HOMEWORK (last required homework):

1. How did the Wars of Religion in Europe play themselves out in Japan? (Base this on the Will Adams wikipedia article.)

2. Why did Tokugawa Iemitsu expel the Jesuits and the Portuguese from Japan?

3. How did the Jesuits attempt to accommodate Christianity to Confucianism? What was the response of the pope to their attempt?

4. How and why did sixteenth-century Japanese daimyo (the great feudal lords of Japan) regulate Buddhism during the “Warring States” period?

5. What light does the Frank article about regulating Buddhism shed on Iemitsu’s treatment of Christians?

6. Is the belief system of Japanese neo-Confucianism as represented by Hayashi Razan consistent with the Christianity of the seventeenth-century Jesuits in Japan?

     ANALYTICAL ESSAY OPTION (final opportunity!):

Based upon the excerpt from his writings (the handout), how would Hobbes’s contemporary, the Japanese neo-Confucian scholar and statesman Hayashi Razan (1583-1657), have critiqued Hobbes’s analysis of human nature, morality, and the rights and powers of sovereign and subject? How does the thought of each political philosopher reflect the intellectual, socio-economic, and political developments in his society, and what does such a comparison reveal about the differences between the emerging “modern Western” and the traditional Japanese neo-Confucian worldviews? (Note: Hobbes has dramatically different views about morality in the state of nature and morality in the Leviathan State.)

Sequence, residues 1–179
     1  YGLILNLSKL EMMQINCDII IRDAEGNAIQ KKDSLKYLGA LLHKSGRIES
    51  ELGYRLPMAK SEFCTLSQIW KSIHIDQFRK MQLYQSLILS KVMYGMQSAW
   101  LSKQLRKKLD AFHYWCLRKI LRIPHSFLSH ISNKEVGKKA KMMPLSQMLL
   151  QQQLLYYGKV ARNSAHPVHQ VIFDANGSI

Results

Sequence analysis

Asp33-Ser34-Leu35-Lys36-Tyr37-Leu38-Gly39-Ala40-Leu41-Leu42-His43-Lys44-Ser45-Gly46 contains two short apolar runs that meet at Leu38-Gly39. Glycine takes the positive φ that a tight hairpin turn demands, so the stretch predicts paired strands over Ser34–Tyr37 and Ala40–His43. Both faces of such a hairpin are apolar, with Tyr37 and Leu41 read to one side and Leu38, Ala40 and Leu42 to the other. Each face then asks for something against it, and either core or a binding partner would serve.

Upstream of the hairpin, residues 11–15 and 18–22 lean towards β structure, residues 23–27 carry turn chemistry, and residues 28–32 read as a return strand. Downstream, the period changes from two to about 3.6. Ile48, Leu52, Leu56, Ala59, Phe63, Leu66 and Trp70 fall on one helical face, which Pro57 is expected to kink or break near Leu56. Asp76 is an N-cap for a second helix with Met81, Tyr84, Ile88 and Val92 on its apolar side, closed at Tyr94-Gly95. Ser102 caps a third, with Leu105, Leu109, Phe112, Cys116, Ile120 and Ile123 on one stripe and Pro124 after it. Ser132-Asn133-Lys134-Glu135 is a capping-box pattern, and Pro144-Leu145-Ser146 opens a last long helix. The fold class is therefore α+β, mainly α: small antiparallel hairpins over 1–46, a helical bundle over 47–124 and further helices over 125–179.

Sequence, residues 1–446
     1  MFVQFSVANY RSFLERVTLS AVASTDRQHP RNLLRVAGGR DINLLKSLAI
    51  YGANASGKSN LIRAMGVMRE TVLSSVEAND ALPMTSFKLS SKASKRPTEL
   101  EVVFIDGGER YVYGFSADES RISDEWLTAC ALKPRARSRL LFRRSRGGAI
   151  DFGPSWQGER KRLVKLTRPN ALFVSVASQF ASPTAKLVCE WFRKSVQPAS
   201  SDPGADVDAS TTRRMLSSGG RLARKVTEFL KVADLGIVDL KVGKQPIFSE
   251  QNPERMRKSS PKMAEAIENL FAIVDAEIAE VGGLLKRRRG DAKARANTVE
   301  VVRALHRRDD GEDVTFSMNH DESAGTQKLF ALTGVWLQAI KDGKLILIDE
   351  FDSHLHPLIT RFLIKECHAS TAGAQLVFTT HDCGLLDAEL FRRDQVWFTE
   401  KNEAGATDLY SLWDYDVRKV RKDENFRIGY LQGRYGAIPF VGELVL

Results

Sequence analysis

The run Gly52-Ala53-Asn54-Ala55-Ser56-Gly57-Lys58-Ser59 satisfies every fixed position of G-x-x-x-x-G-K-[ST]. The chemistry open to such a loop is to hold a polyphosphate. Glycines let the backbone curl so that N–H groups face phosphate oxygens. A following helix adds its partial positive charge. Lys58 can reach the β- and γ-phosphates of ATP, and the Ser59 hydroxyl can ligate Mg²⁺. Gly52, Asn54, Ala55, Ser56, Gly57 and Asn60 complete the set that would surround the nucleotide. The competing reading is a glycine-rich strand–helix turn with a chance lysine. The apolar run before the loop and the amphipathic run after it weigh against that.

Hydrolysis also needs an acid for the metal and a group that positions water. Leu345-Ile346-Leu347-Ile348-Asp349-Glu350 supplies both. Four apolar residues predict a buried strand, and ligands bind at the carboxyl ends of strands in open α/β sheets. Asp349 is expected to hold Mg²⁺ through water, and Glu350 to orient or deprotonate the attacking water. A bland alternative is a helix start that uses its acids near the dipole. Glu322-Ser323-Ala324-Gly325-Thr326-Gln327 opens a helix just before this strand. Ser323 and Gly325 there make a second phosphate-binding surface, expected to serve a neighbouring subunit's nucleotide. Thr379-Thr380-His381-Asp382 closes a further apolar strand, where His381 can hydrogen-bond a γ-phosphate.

Week of 23 April

T. The Enlightenment and the Scientific Revolution

Reading: Craig 498-512, 536-64; Richard Hooker on Japanese neo-Confucianism and the “Japanese Enlightenment”; Derk Bodde, China’s Influence on the Englightenment

Primary source readings: CM 775-6, 818-22 (Rousseau, Discourse on the Origin of Inequality, note 9); Galileo on science and faith;  Voltaire's Philosophical Dictionary (read entry on religion) ; Diderot: Supplement to the Voyage of Bougainville

    Questions to think about:
    What is a "scientific revolution?
    How did the Scientific Revolution change science and the West's world-view?
    Did the Scientific Revolution create a breach between science and religion?

    What is the 'Enlightenment' and why is it important?
    What was Voltaire's and the Enlightenment critique of religion?
    How did Enlightenment themes influence life around Europe?

    What influence did China have on the imaginations of Enlightenment philosophes?

     What differences do you see between the 18th-century European and Japanese Enlightenments? 
Replacement HOMEWORK (replaces lowest grade on earlier writing assignment)

According to Rousseau, why is natural man happier than man in society?

Th. Rousseau’s Social Contract

Reading: CM 831-46, 857-8, 865-72, 873-4, 885-90 (Rousseau’s The Social Contract, book 1, chaps 1-9; book 2, chaps. 1-6; book 3, chaps. 9-17; book 4, chap. 1, 8)

Questions to think about:
In The Social Contract, book 1, chapter 8, Rousseau says that through the social contract man also acquires "moral liberty, which alone makes man truly the master of himself.' What is moral liberty and what did Rousseau mean by it making man the master of himself?

            What is the “General Will” and why can it never be wrong?

            What does Rousseau state that a man compelled to follow the General Will is nonetheless free?

            What does Rousseau mean by "civil religion" and why does he think it important for a well functioning republic?



FINAL EXAM May 3 at 1930